Tiverton (RI) Fire Department Seeking $900,000 for New Apparatus

The TFD has not had its own ladder truck since the late 1980s, when the one it owned was retired from service.

According to a report from The Newport Daily News, the Tiverton (RI) Fire Department (TFD) is now seeking upwards of $900,000 to purchase its own ladder truck after years of relying on neighboring towns that have one. The TFD has not had its own ladder truck since the late 1980s, when the one it owned was retired from service. Over the ensuing years, many attempts have been made to get another one, but it never garnered enough support.

However, this year may be different.

TFD Chief Bruce Reimels said one of his crew fell from a roof fighting a chimney fire and spent six months on sick leave recovering from surgeries and a broken leg.

TFD Captain Josh Ferreira said that the TFD’s engines feature ground ladders with a maximum height of 24 feet, which may reach the gutters of a house but do not go above them to the chimney, if it is needed.

Reimels and Ferreira proposed a budget for a quint to the town council during a Saturday morning budget workshop, a model of fire apparatus that combines a fire engine that carries up to 750 gallons of water with a ladder on its top that can reach heights of 100 feet and not require additional personnel to operate it.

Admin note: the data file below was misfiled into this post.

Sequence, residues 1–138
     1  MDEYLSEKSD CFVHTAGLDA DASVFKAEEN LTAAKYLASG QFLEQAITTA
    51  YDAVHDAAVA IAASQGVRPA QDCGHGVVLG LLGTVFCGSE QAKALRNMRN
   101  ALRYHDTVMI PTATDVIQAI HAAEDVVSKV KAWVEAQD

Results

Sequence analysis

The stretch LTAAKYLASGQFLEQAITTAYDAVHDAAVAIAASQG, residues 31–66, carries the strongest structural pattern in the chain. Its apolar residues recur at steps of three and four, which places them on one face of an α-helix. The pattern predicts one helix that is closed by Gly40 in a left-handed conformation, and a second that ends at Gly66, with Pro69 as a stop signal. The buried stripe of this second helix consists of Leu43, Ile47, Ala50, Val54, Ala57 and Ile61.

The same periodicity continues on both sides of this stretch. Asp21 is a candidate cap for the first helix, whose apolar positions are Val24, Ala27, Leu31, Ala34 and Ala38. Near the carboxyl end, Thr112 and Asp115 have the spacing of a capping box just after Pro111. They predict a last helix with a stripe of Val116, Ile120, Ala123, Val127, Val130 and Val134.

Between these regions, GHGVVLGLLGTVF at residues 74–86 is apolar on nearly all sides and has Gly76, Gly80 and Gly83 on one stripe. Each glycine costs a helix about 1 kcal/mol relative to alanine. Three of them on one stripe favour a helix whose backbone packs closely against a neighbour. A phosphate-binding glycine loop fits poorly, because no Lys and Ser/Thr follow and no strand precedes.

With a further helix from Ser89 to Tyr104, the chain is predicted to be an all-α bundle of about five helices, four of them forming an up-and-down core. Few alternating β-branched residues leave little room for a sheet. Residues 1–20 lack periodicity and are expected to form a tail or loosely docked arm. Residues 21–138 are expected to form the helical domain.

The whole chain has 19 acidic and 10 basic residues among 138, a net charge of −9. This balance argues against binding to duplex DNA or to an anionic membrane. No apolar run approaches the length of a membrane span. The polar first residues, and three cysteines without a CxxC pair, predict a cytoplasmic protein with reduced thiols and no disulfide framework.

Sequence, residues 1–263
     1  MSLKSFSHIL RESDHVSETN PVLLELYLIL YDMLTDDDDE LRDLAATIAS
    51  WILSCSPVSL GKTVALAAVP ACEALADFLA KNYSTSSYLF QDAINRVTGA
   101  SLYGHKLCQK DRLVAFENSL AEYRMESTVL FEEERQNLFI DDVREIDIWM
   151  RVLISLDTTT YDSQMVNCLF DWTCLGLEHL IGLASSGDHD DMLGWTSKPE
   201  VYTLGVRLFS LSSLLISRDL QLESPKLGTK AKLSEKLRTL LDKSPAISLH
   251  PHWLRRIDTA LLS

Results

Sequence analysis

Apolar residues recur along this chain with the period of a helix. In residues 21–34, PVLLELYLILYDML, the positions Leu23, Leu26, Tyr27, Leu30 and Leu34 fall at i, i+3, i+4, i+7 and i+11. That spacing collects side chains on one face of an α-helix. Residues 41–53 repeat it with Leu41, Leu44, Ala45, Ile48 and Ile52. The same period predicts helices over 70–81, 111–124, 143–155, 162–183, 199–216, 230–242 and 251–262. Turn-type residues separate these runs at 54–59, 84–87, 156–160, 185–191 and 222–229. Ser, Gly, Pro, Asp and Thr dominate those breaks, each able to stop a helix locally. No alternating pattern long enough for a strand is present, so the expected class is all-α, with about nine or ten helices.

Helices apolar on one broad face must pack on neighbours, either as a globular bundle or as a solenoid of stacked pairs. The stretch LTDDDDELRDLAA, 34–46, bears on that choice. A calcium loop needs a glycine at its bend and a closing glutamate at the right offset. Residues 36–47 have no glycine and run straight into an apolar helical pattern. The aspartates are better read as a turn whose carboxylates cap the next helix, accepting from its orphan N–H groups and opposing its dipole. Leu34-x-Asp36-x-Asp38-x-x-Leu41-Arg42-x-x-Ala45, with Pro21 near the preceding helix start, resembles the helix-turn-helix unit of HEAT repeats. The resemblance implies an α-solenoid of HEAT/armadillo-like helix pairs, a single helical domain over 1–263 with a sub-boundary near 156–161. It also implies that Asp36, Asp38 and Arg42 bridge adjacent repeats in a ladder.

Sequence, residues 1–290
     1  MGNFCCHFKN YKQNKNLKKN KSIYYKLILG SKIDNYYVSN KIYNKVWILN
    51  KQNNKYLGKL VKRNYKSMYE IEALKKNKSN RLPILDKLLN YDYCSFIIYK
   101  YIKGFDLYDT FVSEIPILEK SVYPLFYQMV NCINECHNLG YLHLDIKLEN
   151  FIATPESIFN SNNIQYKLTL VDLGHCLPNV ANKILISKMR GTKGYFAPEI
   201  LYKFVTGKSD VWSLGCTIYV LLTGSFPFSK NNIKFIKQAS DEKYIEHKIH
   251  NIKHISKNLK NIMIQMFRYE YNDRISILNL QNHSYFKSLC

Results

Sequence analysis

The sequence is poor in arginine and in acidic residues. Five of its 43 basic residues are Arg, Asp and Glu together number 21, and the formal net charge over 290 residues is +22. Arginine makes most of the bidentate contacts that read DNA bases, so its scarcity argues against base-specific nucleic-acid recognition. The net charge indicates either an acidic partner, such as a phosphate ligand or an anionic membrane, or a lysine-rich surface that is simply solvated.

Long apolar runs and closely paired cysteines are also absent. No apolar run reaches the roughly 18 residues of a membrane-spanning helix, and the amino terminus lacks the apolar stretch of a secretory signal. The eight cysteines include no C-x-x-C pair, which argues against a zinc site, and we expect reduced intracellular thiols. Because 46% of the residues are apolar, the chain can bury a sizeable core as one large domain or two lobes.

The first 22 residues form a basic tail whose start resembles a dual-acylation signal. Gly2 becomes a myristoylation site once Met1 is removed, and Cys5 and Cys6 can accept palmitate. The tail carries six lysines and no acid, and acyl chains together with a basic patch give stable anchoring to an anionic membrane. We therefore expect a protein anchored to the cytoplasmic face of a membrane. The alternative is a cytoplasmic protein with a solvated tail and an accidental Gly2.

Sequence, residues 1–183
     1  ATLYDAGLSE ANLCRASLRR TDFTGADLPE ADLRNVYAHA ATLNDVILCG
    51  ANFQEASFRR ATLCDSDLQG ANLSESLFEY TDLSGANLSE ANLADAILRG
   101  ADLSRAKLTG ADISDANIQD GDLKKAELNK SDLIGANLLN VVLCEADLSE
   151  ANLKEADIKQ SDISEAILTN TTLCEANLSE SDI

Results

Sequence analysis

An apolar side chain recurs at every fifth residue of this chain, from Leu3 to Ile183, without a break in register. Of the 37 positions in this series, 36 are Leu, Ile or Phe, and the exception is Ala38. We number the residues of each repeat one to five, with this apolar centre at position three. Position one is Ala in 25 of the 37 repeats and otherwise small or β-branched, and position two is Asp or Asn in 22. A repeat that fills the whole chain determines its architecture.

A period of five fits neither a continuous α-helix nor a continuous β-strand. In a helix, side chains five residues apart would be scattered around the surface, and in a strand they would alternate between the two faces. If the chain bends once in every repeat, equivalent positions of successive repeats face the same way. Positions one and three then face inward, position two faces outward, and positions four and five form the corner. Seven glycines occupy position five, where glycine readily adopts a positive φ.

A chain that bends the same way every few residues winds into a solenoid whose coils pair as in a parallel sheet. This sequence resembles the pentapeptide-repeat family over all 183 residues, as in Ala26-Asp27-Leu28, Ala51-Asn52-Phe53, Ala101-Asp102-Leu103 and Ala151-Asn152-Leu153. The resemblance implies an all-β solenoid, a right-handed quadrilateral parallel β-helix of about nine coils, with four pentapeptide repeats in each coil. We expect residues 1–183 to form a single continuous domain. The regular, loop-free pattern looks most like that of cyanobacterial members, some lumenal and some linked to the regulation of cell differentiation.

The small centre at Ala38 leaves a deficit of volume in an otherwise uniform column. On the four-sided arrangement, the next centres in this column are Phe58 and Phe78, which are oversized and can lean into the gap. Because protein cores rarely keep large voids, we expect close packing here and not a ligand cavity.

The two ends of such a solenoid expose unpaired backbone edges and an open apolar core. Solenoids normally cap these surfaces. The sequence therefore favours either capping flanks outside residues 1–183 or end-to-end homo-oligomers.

Councilman Jay P. Edwards said it’s time the TFD had an engine with a ladder on it that can’t didn’t have top purchased at Home Depot and stretched up against a fire building.

There is a need for a new engine, said Reimels, because the three engines the town now has at its three fire stations are models from years 2002, 2011, and 2013. The oldest has 185,000 miles on it that translates to an industry standard of 407,000 engine hours, said Reimels. When one of them is down for repairs, a tanker truck that has a hose and pump on it is used as the backup engine.

Reimels, who started as a volunteer with the TFD in 1988, shortly before the town’s previous ladder truck was retired, said a quint would allow access to 95 percent of Tiverton’s buildings.

A quint is more expensive than a pumper, but less expensive than a ladder truck. It would cost approximately $900,000, about a third more than a pumper, which ranges in price from $575,000 to $630,000.

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